Annie Reed has been called a master short story writer. She's a multiple Derringer nominee, received a Silver Honorable Mention from Writers of the Future, and has appeared in back to back issues of The Mysterious Bookshop Presents The Best Mystery Stories of the Year (for 2022 and 2023) as well as Best American Mystery and Suspense 2023. Her stories are featured regularly in Pulphouse Fiction Magazine and Mystery, Crime and Mayhem. Her short fiction has also been selected for inclusion in English language study materials for Japanese college entrance exams.

A prolific, versatile, and award-winning writer, her longer works include the crime novels Road of No Return, A Death in Cumberland, and Paper Bullets, and her space opera series Gray Lady Rising and Gray Lady's Revenge, co-authored with mega-bestselling writer Robert Jeschonek. She also writes under the pen names Kris Sparks and Liz McKnight.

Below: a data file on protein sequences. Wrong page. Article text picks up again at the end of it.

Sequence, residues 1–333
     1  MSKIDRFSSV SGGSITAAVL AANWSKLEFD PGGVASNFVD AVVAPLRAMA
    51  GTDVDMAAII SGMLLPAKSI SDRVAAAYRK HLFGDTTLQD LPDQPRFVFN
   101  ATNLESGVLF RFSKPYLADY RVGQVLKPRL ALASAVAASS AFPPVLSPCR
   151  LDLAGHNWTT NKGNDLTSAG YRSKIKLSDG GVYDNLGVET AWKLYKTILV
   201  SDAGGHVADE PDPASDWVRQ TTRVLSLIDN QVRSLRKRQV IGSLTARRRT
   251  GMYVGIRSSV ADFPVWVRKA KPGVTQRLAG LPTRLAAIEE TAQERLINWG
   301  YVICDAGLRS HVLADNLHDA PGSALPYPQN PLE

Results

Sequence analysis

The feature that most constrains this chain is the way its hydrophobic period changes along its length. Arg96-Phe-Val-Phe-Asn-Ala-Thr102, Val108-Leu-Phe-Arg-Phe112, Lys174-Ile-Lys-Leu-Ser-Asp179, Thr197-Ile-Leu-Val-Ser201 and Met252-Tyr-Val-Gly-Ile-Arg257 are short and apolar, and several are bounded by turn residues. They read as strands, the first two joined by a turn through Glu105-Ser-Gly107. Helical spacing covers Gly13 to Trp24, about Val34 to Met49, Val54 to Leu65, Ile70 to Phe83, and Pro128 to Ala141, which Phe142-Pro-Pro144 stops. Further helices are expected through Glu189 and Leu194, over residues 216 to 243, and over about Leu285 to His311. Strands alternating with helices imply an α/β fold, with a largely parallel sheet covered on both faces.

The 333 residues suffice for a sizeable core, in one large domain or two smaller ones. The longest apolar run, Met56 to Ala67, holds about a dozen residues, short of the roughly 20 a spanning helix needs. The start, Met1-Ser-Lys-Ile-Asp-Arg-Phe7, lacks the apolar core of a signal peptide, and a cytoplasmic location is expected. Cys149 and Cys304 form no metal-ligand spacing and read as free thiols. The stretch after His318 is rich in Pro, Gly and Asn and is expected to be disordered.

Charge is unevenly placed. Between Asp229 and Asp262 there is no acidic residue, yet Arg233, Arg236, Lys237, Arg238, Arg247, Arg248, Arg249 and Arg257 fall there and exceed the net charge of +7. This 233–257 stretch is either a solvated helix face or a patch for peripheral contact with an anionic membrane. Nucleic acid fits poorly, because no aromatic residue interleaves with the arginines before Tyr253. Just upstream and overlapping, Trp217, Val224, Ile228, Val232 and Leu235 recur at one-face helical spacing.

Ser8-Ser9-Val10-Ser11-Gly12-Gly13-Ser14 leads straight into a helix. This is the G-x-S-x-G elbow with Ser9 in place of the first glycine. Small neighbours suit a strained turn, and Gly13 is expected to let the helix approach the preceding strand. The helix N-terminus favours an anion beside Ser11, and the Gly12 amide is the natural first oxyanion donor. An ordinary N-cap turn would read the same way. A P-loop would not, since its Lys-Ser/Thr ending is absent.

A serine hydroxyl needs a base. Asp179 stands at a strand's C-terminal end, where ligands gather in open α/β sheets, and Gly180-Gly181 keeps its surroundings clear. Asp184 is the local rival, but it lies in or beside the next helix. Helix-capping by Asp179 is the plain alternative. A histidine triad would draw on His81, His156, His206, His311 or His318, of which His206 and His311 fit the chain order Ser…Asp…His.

She lives in northern Nevada and can be found on the web at, on Facebook as annie.reed.142.

Spells Gone Bad by Annie Reed

Some spells start life evil, others just turn out that way.

In this collection by award-winning writer Annie Reed, meet an evil warlock who crafts his spells in a modern mall, an Old West gunslinger who crosses the wrong wizard, and a water spirit trapped in the heart of a motorcycle. Get to know a diminutive fixer determined to discover why one of her own spells backfired, a devious historian whose airship—not to mention her mechanical uncle—run on more than just steam, and a man who wakes up after an epic party to discover someone turned him into a dog.

These stories and more fill the pages of Spells Gone Bad, a collection exclusively available now only for a short time through StoryBundle.